Countries agree on a way forward to shape a global HFC phase down in 2016

By Klara Skačanová, Nov 10, 2015, 14:21 3 minute reading

After week-long formal talks on the future management of HFCs, the Montreal Protocol meeting held last week in Dubai concluded with what is believed to be a significant step towards a global HFC phase down. Work will intensify in 2016 with a number of meetings to be held in the coming months, including an extraordinary Meeting of the Parties.

The 27th Meeting of the Parties (MOP27) held 1-5 November in Dubai, signalled genuine hope of a global phase down in 2016 for countries committed to address HFCs under the Montreal Protocol.

The end goal, an amendment under the Montreal Protocol in 2016, now looks more encouraging with a contact group on HFCs formed for the first time at the very beginning of the meet. A contact group is a formal meeting setup, which is a mechanism in the negotiations process necessary for forming agreements among countries.

After six consecutive years of proposals to amend the Montreal Protocol from multiple countries, this necessary step is hoped to create greater clarity and cohesion. In the last few years, some countries were strictly opposed to regulating HFCs under the Montreal Protocol, so the fact that all now agree that this is the right way to address HFCs globally is an important step forward.

Nevertheless this marks just the beginning of the negotiations and there is still a long way to go before an agreement on all issues concerning HFC phase down is found. In order to get there, a series of meetings will be held during 2016, including an extraordinary Meeting of the Parties.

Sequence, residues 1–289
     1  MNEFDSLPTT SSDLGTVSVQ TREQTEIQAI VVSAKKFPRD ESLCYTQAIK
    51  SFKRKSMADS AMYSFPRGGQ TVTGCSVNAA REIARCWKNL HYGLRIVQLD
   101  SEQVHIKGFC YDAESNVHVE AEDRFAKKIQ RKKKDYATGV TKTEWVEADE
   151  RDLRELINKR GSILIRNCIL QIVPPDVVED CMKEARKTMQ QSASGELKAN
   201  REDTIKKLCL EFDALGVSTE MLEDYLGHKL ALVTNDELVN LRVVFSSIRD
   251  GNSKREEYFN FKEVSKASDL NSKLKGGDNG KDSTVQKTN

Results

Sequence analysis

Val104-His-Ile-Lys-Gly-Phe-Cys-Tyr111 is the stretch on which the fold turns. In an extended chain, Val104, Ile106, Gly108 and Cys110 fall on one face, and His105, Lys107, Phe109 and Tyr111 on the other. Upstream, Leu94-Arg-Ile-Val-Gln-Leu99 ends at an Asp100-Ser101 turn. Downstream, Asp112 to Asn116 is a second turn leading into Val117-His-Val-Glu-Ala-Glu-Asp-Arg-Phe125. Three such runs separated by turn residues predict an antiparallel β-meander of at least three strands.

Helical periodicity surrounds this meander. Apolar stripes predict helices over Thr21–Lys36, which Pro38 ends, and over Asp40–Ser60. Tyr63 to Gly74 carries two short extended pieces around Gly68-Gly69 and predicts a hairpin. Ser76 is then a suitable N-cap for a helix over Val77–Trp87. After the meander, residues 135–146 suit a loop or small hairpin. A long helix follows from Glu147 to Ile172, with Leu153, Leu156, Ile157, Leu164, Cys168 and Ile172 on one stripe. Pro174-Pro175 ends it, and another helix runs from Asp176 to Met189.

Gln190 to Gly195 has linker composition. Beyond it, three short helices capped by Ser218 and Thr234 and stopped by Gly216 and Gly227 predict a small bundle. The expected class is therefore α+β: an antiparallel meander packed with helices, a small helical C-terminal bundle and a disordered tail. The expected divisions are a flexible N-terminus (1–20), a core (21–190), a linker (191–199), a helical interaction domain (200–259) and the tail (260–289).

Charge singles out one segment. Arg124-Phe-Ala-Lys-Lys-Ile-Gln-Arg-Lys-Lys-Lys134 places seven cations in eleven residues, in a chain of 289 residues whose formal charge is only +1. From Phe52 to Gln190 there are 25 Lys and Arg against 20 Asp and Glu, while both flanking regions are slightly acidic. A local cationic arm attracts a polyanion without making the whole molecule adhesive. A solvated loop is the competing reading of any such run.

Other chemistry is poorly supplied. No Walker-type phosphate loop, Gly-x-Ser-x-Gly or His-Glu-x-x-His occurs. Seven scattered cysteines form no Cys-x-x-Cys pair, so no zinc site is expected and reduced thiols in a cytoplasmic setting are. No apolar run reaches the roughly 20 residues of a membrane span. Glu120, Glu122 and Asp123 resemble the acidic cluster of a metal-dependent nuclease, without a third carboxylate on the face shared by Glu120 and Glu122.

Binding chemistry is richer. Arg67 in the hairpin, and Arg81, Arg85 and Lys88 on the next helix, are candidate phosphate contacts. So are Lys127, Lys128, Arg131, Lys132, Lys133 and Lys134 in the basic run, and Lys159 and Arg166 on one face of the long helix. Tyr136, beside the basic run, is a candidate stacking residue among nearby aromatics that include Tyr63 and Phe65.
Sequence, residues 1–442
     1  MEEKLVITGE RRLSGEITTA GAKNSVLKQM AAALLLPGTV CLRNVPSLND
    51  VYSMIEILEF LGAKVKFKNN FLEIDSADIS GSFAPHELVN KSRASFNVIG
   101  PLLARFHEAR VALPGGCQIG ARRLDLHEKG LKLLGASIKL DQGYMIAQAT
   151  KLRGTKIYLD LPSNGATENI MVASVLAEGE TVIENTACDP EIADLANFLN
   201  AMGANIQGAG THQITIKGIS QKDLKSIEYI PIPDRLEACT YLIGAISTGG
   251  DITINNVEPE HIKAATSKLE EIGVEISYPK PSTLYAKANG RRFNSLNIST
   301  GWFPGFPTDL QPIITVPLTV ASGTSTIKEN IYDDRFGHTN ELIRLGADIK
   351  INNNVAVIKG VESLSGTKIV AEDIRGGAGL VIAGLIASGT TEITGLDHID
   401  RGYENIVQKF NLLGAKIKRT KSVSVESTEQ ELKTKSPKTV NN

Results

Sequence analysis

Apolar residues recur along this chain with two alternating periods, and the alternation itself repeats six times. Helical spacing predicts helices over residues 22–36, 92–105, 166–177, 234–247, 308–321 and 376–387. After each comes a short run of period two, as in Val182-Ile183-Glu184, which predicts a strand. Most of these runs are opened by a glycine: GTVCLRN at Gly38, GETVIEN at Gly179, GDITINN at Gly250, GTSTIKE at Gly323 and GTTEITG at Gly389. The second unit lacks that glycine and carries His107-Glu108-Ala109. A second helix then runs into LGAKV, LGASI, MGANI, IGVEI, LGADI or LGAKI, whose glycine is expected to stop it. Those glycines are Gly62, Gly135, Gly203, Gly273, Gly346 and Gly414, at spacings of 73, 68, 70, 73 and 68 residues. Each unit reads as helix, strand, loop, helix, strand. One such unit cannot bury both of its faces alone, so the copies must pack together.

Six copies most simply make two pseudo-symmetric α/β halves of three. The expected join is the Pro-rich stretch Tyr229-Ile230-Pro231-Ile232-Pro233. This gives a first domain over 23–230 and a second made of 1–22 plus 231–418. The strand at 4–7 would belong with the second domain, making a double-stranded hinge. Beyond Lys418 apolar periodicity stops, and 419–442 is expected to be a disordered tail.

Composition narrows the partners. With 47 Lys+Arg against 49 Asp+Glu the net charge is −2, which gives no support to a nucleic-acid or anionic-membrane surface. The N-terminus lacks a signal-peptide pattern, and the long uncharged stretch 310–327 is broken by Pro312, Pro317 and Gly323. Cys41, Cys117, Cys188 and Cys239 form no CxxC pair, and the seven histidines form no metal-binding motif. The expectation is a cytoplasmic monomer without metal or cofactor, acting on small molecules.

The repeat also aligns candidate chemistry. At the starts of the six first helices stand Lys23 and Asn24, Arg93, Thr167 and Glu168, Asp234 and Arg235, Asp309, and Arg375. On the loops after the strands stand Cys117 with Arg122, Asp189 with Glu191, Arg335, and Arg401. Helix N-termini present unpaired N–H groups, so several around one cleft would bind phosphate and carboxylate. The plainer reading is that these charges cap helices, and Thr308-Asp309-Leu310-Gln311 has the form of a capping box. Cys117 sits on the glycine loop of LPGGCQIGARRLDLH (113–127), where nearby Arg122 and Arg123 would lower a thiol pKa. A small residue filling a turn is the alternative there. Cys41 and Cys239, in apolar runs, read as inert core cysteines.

What needs to happen to achieve a global HFC phase down in 2016?

The mandate for a contact group finalised during a two-day meeting preceding the Meeting of the Parties, is a compromise that had been negotiated during several meetings in 2015. According to the mandate, the countries shall first resolve the challenges related to HFC phase down and identify solutions before a formal negotiations process on the amendment itself can be initiated.

Facilitating developing countries key

The issues that need to be resolved include financial mechanisms and increased funding for developing countries to be able to comply with additional commitments. In addition, countries are requesting increased flexibility in implementation of the commitments that would enable them to set their own strategies and priorities in terms of sectors to be addressed, as well as replacement technologies to be selected. Other challenges that need to be addressed in a comprehensive manner include patent costs, second and third conversions, guidance to the Executive Committee of the Multilateral Fund, and others.

Developing countries have requested that early funding is provided even before an amendment is agreed in order to raise awareness of available technologies in their countries, upscale the knowledge of technicians, adapt the regulatory environment as well as to test and demonstrate the feasibility and energy efficiency of equipment using low GWP technologies.

Some countries suggested that a definition of low GWP or a GWP threshold would be instrumental in ensuring their future compliance, while guiding them in technology choices. An idea of linking the level of funding to the level of emissions in CO2eq was proposed as one of possible solutions, which will be further discussed at future meetings.

A group of developing countries indicated that a special exemption for countries with high ambient temperature conditions would be necessary for areas where suitable alternatives are not yet commercialised. Such an exemption would be subject to a time limit and re-evaluation based on certain criteria.

Conclusion: Still a long way to go

The agreement on a pathway for negotiations on an amendment sends a strong message to the COP21 meeting, which is just around the corner. Yet, looking at the number of issues to be resolved, compromises to be made, it is clear that the work will intensify in 2016. In their agreement countries have foreseen several informal and formal meetings, but besides the annual Open-Ended Working Group meeting and the Meeting of the Parties, the dates and venues of the extraordinary meetings are yet to be set.


By Klara Skačanová

Nov 10, 2015, 14:21

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